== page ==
Difficult Conversations with Employees – 3 Tips to Make Them Easier

Difficulty conversations in the work environment are unavoidable at times. These difficult conversations can range from inappropriate attire to offensive behavior, tardiness, personal hygiene and poor work habits.  We would much rather talk about positive reinforcement, praise and promotions; however, as a leader, you will run into this from time to time and have to deliver bad news. So, how do you do it and preserve a healthy culture?

Perception is everything – your delivery style, tone, body language and word choices have a major impact on how employees perceive your message. Above all else – always be sincere.

Here are some helpful scripts and tips that may help you choose the right words for those types of conversations:

What you really want you say vs. What you should say

What you really want to say: “You’re not meeting your goals.”

What you should say: “Thinking about the last 6 months, tell me how you feel about the projects you’ve been working on.”

Confronting an employee regarding their performance is never easy and always a sensitive conversation. Be sure you vet all your information carefully and have appropriate documentation to support your position. The employee will more than likely react emotionally, so minimizing the confrontational aspects and mitigating the emotional level can help lessen negative or defensive reactions.

Professor and author at Harvard Business School, Linda Hill, suggests, “owning your perspective throughout the discussion”.

She goes on to say: “For example, instead of saying “You’ve had a lot on your plate and you must be really stressed,” say “I know I feel really stressed when my to-do list gets long. How does it affect you?” By asking employees to own and express their viewpoints and by actively listening without interruption, you avoid adding any “fuel to the fire”. Always keep the conversation more professional and productive.

What you really want to say: “I disagree with this approach—I can’t let you or the team move forward with it.”

What you should say: “I’d like your help in understanding how we’re approaching XYZ?”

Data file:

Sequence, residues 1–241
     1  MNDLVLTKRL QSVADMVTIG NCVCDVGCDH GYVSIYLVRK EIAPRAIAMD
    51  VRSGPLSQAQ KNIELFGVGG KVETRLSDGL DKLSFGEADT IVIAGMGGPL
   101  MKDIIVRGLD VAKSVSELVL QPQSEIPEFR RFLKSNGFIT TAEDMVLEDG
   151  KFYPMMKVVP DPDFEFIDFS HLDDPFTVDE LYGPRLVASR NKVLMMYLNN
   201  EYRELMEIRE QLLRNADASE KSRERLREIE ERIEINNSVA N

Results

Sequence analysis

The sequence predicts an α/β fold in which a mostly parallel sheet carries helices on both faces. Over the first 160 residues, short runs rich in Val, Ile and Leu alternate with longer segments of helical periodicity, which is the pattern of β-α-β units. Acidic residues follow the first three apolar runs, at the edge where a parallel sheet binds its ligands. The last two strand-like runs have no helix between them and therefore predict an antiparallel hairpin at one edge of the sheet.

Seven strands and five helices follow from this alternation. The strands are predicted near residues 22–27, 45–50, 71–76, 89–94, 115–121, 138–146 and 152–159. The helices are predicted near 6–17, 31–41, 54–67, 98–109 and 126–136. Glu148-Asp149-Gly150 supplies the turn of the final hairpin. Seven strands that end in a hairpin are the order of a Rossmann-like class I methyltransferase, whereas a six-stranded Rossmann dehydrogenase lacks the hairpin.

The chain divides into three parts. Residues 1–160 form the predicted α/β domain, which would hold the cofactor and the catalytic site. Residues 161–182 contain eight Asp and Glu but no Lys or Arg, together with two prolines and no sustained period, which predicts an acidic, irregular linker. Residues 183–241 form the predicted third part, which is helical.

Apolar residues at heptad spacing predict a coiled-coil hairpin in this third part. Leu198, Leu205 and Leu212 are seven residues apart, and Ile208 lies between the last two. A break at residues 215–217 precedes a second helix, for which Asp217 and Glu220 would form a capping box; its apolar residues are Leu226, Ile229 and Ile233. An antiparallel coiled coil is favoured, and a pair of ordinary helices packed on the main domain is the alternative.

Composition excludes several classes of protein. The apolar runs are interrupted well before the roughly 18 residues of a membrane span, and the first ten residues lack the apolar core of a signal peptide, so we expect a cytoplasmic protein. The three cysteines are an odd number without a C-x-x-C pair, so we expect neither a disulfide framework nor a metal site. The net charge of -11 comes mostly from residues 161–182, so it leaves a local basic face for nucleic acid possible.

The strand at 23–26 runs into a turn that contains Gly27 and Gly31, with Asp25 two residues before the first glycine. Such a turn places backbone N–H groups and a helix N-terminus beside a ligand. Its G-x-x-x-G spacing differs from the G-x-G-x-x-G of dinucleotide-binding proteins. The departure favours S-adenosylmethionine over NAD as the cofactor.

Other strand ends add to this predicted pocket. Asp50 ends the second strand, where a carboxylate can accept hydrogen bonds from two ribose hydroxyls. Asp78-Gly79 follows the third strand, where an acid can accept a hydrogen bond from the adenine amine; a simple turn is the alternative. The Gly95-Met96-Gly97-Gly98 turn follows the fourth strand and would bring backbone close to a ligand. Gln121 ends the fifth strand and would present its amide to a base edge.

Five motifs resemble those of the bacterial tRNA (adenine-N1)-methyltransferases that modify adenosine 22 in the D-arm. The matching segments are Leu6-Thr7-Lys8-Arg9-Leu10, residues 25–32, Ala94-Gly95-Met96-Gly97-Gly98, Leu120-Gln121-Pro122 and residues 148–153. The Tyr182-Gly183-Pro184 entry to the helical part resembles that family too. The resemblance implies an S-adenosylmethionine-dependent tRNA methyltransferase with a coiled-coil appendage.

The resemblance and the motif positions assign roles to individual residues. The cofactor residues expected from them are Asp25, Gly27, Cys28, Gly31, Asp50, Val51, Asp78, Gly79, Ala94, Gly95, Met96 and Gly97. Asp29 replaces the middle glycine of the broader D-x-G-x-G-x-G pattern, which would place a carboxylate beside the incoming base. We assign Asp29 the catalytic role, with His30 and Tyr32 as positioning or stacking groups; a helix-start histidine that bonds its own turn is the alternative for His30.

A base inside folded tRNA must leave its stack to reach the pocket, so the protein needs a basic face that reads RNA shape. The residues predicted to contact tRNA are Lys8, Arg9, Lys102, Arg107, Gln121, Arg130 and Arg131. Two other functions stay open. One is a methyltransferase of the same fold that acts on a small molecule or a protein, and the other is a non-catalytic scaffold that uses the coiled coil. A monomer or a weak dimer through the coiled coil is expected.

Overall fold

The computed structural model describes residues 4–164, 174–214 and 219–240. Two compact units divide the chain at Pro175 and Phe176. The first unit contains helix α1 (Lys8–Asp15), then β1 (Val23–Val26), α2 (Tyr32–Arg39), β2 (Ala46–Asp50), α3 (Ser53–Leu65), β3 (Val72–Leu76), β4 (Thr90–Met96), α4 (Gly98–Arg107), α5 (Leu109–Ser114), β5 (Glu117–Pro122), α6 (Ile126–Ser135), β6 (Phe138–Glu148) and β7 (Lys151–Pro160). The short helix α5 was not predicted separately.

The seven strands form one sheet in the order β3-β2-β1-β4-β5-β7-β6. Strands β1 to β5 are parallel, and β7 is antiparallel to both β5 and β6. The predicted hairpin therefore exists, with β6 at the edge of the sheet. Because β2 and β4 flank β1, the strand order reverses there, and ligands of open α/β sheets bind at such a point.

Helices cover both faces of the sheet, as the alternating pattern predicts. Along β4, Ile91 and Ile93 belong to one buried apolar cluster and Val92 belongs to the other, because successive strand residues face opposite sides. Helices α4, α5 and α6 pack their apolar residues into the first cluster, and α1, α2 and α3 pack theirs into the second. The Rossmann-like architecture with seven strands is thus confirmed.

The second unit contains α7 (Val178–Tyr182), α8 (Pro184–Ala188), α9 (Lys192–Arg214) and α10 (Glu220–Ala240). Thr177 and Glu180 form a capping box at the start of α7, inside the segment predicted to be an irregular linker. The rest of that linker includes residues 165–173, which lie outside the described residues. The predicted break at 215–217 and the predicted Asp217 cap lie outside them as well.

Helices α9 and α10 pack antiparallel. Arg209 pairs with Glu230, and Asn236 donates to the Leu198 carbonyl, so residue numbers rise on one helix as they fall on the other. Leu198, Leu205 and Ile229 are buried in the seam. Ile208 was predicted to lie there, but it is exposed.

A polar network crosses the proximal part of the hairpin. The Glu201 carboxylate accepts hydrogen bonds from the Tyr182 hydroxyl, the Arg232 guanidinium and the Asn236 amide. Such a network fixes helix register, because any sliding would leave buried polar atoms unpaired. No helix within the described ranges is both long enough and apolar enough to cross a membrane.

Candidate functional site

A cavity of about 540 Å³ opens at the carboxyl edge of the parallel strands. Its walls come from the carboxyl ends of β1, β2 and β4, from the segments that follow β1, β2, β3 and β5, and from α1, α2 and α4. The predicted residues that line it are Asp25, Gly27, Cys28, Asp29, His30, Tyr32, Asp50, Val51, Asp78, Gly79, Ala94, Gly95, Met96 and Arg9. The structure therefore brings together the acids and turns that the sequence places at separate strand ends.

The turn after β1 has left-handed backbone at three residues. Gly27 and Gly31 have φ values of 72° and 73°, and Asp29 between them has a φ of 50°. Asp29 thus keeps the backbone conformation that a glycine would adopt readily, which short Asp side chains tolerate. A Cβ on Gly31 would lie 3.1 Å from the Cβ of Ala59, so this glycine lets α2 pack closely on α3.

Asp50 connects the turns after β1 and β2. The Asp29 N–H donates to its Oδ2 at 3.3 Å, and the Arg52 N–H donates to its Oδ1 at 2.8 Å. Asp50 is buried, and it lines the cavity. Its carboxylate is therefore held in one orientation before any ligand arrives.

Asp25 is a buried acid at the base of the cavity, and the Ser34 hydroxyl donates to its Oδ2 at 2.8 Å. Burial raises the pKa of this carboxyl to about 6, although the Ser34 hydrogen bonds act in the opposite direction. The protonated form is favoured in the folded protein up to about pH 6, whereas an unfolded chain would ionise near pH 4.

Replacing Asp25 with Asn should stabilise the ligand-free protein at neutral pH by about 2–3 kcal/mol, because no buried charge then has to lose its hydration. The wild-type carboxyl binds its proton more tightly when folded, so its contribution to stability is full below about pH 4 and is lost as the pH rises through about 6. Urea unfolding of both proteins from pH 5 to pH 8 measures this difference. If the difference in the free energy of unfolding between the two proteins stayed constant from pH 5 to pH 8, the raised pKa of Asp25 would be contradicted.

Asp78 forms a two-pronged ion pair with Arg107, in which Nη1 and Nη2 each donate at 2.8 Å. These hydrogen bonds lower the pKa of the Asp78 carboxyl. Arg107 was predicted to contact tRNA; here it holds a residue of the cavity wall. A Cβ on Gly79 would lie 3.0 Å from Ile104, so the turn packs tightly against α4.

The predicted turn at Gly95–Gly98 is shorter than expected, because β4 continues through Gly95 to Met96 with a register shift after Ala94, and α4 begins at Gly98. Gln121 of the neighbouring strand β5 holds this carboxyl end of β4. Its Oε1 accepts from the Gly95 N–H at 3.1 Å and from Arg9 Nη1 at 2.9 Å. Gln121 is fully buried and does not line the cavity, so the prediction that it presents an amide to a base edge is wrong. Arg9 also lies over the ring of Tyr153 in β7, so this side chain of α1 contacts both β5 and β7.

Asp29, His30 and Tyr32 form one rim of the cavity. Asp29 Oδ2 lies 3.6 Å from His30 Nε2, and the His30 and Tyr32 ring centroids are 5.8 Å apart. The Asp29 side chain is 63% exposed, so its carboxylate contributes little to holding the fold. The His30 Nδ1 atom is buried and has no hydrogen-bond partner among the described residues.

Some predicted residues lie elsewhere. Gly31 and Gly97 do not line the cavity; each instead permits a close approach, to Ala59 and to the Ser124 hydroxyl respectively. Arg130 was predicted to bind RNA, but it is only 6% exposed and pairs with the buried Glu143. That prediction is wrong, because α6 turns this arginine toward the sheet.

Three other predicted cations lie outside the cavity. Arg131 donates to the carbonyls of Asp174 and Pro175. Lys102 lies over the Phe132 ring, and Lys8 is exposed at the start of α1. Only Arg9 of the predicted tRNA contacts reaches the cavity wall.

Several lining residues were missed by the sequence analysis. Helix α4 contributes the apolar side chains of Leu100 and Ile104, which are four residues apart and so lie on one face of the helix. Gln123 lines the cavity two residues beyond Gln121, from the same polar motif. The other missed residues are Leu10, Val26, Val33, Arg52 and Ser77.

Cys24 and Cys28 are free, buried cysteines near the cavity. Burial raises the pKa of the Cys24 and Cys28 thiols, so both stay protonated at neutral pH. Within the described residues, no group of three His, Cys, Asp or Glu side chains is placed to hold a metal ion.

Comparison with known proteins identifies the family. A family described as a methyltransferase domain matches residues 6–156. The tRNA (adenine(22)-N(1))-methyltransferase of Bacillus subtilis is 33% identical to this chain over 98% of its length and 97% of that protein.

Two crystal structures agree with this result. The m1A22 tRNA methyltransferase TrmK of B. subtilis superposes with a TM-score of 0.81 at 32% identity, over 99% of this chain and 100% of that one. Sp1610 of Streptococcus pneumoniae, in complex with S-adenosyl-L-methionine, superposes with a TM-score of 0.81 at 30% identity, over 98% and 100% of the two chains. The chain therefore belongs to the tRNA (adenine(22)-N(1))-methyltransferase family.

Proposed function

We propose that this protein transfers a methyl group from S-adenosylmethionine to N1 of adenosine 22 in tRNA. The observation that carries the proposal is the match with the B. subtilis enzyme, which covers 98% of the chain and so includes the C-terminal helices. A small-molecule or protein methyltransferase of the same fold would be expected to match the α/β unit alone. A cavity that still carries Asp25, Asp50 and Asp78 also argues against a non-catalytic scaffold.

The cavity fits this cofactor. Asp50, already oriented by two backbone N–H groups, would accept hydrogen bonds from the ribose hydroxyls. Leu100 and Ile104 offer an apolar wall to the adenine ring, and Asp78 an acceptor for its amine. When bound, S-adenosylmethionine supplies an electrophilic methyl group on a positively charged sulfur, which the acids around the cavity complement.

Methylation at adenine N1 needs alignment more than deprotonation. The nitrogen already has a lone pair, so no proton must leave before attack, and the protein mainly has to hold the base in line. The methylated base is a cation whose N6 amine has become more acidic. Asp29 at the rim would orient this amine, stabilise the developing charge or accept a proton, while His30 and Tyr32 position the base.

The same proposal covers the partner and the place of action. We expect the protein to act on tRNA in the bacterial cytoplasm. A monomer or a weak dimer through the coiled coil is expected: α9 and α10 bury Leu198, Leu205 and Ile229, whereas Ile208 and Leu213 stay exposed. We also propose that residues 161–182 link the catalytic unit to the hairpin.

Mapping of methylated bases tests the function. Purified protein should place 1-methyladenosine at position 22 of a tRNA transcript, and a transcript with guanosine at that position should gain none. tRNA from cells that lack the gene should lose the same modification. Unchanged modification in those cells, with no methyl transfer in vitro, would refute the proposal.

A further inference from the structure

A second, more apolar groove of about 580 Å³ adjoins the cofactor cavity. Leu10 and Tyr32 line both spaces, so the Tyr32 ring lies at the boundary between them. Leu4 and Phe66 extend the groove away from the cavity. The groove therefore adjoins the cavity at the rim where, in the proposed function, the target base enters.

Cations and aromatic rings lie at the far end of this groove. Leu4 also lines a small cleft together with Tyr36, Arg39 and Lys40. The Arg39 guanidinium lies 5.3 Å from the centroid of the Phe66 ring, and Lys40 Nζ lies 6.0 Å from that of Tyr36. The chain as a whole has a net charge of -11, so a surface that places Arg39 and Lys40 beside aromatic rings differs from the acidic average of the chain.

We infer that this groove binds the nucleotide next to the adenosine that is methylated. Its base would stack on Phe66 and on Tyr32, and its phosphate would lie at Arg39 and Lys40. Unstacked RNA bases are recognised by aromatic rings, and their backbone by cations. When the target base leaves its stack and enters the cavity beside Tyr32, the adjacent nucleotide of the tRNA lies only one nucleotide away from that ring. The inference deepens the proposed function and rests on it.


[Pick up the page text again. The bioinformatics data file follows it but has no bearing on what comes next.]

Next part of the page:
Empower employees to make decisions and own their projects without your direct involvement.  The more engaged, the happier they will be. However, you remain ultimately accountable for their decisions and the outcomes.

This can be a dilemma: How do you prevent them from feeling defeated or micromanaged when you don’t agree with their approach?

By electing to approach the conversation in a manner that evokes opportunity to explain details, as they walk you through their thought processes, you can begin to ask more in-depth questions, such as “I wonder what would happen if…” This approach could potentially help them identify points of risk as well as potential blind spots they may have overlooked. Properly executed, this type of conversation may provide them the necessary feedback that leads to course correction—without feeling entirely derailed.

We call this approach “positive confrontation”—this method not only preserves your employee’s dignity, it simultaneously protects you and your organization, while boosting your image.

What you really want to say:Upper Management has once again changed direction and all the work we’ve done on this project in the last several months was for nothing.”

What you should say: “It looks like Upper Management has some changes in the pipeline and has come up with an even better way to utilize the findings from all your hard work. Let’s talk about how our team is involved moving forward.”

This is where you become the PR guru of gurus. As frustrating as changes can be for you and your team, you will need to stand ready to perform a delicate balancing act of communicating the direction of upper management’s goals in a manner that instills respect for leadership’s decisions (even if you secretly disagree), explaining the reasons behind their decisions on keeping/nixing some aspects and how the new direction impacts the team

The important thing is to not let employees see that you are frustrated. Instead, listen to their concerns, while encouraging them to envision how the new direction could lead to better overall results. Employees need to feel the importance of their tasks; if they feel that their roles are intertwined with the goals of the organization, they will tend to feel more strongly about their involvement and remain engaged moving forward.


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